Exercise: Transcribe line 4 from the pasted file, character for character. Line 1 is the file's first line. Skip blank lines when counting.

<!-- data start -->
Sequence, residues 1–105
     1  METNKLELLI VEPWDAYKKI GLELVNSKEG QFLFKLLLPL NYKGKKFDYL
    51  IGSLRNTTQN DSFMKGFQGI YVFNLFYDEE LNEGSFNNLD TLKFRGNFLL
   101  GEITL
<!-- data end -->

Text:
   101  GEITL